Redemption, on stage and off


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After 18 years of writing and rewriting, workshops and more work, composer Edward Thomas’s opera, “Anna Christie,” premieres later this month


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  • Nancy Rhodes, the founding artistic director of Encompass New Opera Theatre, and the composer Edward Thomas. Rhodes is directing “Anna Christie," an opera, based on Eugene O'Neill's Pulitzer Prize-winning play of the same name, for which Thomas wrote the music. Photo: Harold Levine. 




BY MARK NIMAR

Edward Thomas was not yet 20 when he and the Army’s 3rd Infantry Division landed in Sicily during World War II and saw heavy combat.

“A lot of friends were hit with machine gun fire,” Thomas recounted recently. “I was lucky.”

He would return home, to Chisholm, Minnesota, in the fall of 1945. Thomas, already an accomplished guitarist, would stay but three weeks in his hometown, pop. about 7,000, before embarking for New York City, determined to pursue his musical passion. He hasn’t stopped composing.

Over the course of those seven-plus decades, Thomas would sing on recordings by eminent jazz musicians Hank Jones, Milt Hinton and Clark Terry, appear on TV alongside Jackie Gleason, Arthur Godfrey and Ernie Kovacs, write commercial jingles for TWA, Campbell’s Soup and U.S. Steel, and receive seven gold records for his work with luminaries such as Leonytne Price, Roberta Peters and Julie Andrews.

But among his most cherished milestones is his opera “Anna Christie,” which will have its world premiere at Encompass New Opera Theatre October 4.

Adapted from Eugene O’Neill’s Pulitzer Prize-winning play of the same name, “Anna Christie” follows the story of its eponymous heroine, who, after surviving years of sexual abuse and prostitution, reunites with her sea-barge captain father, and then falls in love with a merchant sailor who is taken aboard ship after having survived a shipwreck in the Atlantic.

Like the opera itself, getting this work to the stage was an odyssey. It took Thomas and librettist Joe Masteroff (the book writer for “Cabaret” and “She Loves Me”) 18 years of writing, rewriting, workshops and readings to get the show under the footlights. And it was after a chance encounter that, after many years of hard work, Thomas and Masteroff would get the chance to stage their creation. About five years ago, Encompass’s founding artistic director, Nancy Rhodes happened to be in the audience for another one of Thomas’s shows at the York Theatre. Rhodes was impressed with what she saw and heard, and asked Thomas if he had anything else he was working on. Thomas sent Rhodes the score for “Anna Christie,” and she fell in love with not only the music, but also the bravery and strength of the opera’s leading lady.

“I love her fierce survival, her vulnerability within that, and her passion for life. For living,” says Rhodes. “Anna suffered severe hardships, but she [didn’t] let it stop her from becoming the authentic person she was meant to be, and to go on in her life in a positive manner.... Eugene O’Neill was very far ahead of his time. He was one of the first American dramatists to write so deeply and authentically about these people he actually knew in his life. He was recognized for understanding the backstory of what caused her to go into prostitution. He wrote in such a way that was truly authentic, and real and passionate. The story resonates particularly today with the #MeToo Movement, and what women have suffered with throughout history.”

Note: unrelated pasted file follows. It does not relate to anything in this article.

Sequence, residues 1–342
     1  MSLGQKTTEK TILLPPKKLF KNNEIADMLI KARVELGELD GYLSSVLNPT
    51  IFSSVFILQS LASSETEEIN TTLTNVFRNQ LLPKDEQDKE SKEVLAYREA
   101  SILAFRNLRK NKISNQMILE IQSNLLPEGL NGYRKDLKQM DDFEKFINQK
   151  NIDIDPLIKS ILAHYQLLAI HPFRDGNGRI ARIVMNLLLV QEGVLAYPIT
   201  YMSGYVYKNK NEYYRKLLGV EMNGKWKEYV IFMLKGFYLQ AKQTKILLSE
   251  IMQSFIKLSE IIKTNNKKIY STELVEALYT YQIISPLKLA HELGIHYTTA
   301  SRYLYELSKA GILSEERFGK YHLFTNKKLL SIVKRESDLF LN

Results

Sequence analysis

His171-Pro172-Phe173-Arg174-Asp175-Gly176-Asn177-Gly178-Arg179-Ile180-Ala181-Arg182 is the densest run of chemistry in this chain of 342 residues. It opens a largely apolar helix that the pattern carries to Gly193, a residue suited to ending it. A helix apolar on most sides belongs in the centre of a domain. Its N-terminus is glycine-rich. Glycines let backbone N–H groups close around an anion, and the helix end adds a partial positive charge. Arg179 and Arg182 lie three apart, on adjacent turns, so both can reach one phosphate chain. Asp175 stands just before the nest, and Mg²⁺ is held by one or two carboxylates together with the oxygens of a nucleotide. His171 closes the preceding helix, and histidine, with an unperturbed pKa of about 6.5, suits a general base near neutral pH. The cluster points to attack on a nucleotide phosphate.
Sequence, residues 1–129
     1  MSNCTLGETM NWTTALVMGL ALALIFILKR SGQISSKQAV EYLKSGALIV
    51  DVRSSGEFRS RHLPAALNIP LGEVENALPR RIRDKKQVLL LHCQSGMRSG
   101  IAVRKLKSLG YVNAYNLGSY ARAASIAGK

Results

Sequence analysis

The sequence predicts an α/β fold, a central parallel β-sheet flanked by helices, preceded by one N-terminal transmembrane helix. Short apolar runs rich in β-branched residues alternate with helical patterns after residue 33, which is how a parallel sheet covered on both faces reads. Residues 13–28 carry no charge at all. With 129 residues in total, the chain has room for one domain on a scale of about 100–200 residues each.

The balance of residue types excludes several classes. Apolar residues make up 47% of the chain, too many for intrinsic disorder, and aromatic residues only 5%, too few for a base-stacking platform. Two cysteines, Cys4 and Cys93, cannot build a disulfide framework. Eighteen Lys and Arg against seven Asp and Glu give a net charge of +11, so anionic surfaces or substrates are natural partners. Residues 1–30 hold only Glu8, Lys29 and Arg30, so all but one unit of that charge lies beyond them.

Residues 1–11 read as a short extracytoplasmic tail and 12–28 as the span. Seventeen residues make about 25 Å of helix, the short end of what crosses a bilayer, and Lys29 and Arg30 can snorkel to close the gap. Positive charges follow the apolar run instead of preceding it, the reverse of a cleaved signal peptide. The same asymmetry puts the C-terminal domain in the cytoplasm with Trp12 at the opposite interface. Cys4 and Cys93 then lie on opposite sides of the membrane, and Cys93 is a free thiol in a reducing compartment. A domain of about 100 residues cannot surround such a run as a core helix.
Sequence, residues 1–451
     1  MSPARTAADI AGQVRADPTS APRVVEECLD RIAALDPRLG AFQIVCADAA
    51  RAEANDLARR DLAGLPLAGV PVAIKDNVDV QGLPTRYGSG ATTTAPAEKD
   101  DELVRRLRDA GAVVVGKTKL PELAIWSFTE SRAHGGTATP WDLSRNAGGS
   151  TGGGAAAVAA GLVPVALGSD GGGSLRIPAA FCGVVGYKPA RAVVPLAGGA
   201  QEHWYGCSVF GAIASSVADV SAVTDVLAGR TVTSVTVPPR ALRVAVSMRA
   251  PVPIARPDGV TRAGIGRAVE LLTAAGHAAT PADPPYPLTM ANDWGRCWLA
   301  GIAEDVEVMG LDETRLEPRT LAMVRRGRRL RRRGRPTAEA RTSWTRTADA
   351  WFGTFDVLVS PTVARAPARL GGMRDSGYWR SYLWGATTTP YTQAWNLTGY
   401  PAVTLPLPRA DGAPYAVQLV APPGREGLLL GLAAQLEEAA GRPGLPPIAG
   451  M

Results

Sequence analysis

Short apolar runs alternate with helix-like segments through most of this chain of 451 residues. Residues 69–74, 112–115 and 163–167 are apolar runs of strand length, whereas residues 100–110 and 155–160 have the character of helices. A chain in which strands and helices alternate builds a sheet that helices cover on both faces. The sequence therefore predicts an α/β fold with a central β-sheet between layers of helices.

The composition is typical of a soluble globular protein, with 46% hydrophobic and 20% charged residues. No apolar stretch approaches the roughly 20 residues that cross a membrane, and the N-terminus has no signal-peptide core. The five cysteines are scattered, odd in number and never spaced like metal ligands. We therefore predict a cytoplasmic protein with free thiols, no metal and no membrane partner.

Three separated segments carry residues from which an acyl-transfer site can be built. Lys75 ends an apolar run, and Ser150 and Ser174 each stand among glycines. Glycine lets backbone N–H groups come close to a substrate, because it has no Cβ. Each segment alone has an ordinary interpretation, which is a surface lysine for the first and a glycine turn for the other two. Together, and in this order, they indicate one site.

Rhodes would eventually come to direct Thomas’s opera, currently in rehearsal.

“The music-drama is on a barge. We are creating water around the barge. There’s this feeling of floating, so we have the presence of the sea constantly.... [we’re] just putting all that together,” says Rhodes.

If you have never been to an opera before, “Anna Christie” is the perfect place to start, Rhodes insists. “It has music that’s very singable,” she says. “It has these jazz elements. But it’s very lyrical, and it’s dramatic, because there are a lot of confrontational scenes. It can appeal to sophisticated musical lovers and musical theater people. It will attract both ends of the spectrum.”

The story is a charged, powerful drama perfectly suited for the grandness of the operatic stage. The wide-ranging style of the score is owed to its composer’s rich and varied career in the music world.

After the show’s October 7 matinee, Thomas will celebrate his 94th birthday with the show’s cast and audience. “I don’t even believe it’s happening. It’s weird. I can’t even explain it,” says Thomas.

Peering back, Thomas takes everything in stride. “The most important thing looking back,” he says, “is basically being happy, and accepting that you could do what you could do when you could do it. It’s the doing that’s more important than the fame and the money.... A philosopher said ‘never too late to be what you might have been.’ You keep doing what you need to do and want to do. And whatever will be will be. It’s hard work,” Thomas admits.

Thomas finds his personal philosophy reflected in his opera. The story of Anna Christie “proves that it’s never too late to get what you hope for,” he says. “Because she ended up being a prostitute, and she meets [the sailor], and they’re gonna get married.... You get the feeling they’re gonna be happy together, and she has something real.... She has found someone. And strangely, in these times, relationships are hard to create and remain substantively.... I think that’s the main statement. All the rest is drama preceding.”





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